By: Ted Dabrowski

After trustees of Illinois’ nearly 650 downstate police and fire pension funds learned they could force cities to properly fund their pension obligations, you’d think they would be jumping to put the law to work in favor of the pensioners they represent. Just last month, Harvey, Illinois, was the first municipality to have its tax revenues garnished by the state comptroller for failing to fund its local pensions. North Chicago’s taxes were intercepted shortly after. The garnishments were the result of a law passed in 2011 but only recently implemented.

Illinois’ public safety trustees certainly appear to have plenty of reason to act with urgency – from their pensions’ perspective. Wirepoints research of Illinois Department of Insurance data found that nearly 400 public safety funds were shorted their required payments in 2016 alone. Collectively, Illinois’ 650 downstate public safety pension funds are underfunded by more than $10 billion and many are headed toward insolvency. Nearly 30 percent of downstate public safety pension funds have less than half the money they need on hand today to pay out future benefits.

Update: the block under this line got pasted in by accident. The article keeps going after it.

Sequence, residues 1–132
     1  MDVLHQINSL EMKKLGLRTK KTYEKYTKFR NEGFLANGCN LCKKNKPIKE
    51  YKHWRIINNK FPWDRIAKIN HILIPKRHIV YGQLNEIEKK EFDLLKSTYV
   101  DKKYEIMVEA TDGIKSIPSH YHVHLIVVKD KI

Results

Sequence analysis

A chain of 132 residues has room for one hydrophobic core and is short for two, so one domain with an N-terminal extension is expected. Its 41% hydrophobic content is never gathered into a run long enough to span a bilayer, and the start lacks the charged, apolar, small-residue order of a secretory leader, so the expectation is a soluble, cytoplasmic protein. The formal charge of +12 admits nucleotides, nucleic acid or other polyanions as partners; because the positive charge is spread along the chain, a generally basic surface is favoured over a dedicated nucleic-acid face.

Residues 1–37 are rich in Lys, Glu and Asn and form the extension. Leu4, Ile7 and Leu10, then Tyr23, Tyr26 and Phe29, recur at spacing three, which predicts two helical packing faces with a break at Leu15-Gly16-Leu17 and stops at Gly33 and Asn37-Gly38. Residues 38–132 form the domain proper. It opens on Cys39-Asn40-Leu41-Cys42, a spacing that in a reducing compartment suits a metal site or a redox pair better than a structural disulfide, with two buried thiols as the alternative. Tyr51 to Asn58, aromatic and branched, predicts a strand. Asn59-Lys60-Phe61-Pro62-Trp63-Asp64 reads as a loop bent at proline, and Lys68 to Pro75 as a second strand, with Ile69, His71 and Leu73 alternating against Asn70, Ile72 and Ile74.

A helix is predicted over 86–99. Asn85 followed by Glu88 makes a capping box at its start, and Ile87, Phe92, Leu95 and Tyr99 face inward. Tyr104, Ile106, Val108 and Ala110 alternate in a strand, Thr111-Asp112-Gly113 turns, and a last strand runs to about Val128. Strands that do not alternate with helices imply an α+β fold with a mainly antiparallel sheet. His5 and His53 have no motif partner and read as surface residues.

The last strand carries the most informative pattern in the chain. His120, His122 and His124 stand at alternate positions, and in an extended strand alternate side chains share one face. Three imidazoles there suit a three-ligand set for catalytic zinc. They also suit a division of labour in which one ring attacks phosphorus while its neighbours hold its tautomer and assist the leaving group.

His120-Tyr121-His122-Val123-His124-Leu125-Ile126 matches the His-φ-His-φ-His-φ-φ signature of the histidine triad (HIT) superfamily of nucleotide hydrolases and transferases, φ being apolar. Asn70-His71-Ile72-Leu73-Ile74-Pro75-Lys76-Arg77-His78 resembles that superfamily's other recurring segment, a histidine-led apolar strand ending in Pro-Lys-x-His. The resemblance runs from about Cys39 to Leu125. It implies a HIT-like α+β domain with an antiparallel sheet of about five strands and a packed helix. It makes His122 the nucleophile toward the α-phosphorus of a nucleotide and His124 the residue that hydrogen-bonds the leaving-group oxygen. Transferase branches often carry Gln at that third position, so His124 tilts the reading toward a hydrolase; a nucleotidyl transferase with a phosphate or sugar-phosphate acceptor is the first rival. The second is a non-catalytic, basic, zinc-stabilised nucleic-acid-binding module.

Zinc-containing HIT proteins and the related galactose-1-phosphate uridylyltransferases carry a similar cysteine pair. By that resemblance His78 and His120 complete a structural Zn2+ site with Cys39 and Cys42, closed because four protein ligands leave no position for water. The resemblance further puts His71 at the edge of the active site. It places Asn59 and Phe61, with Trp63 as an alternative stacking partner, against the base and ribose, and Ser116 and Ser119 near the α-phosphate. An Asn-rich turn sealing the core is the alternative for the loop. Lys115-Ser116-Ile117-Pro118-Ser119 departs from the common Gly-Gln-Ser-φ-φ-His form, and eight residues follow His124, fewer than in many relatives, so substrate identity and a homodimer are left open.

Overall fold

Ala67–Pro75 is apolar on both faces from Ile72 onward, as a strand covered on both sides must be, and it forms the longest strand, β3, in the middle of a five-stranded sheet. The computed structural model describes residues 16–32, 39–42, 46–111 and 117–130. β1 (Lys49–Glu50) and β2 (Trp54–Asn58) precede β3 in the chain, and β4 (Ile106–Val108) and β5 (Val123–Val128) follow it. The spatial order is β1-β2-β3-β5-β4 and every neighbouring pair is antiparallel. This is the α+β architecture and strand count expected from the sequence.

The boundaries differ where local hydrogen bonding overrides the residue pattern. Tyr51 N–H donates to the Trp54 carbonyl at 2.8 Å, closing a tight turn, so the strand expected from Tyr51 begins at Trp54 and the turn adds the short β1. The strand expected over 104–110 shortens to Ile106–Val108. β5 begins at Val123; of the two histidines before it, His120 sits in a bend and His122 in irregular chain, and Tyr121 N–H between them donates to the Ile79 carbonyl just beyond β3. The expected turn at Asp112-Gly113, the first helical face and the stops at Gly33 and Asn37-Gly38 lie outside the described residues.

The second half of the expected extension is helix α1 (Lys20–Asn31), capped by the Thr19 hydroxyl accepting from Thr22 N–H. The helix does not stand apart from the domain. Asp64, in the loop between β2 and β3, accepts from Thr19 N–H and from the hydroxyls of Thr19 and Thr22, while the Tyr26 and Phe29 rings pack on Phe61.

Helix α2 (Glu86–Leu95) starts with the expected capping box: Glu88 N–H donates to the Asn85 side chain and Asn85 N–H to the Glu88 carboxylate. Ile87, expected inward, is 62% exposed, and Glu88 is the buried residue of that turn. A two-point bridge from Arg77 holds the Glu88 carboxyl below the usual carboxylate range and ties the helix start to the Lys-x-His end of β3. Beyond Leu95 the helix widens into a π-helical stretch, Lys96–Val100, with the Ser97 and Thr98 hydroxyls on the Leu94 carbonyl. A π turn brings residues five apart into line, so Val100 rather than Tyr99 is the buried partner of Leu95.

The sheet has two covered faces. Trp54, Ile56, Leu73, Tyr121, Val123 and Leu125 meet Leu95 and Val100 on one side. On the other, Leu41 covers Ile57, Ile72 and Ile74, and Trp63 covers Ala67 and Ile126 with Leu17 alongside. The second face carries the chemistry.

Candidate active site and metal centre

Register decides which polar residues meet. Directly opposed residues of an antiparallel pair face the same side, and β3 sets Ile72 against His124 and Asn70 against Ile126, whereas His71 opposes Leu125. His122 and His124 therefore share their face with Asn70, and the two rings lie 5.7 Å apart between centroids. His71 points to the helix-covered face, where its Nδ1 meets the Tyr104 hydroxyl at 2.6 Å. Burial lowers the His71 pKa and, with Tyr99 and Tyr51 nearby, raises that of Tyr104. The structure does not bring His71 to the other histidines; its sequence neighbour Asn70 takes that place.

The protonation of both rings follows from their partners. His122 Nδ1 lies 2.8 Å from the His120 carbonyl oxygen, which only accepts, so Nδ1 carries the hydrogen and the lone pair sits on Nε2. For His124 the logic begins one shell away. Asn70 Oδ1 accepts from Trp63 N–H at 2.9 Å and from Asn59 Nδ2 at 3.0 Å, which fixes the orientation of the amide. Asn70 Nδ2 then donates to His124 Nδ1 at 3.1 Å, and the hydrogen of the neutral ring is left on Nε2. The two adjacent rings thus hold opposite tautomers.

But after trustees from the Harvey police pension fund paved the way on how to use the law – and trustees from the city of North Chicago followed suit – it’s been virtual crickets. State comptroller spokesman Abdon Pallasch confirmed to me yesterday that no trustees from any other pension fund have stepped forward to ask for enforcement of the new law.

Why aren’t the pension trustees busting down the comptroller’s doors? Why aren’t public safety pensioners demanding action from their trustees? And where are the unions, the media and the politicians? Why aren’t they pushing its implementation?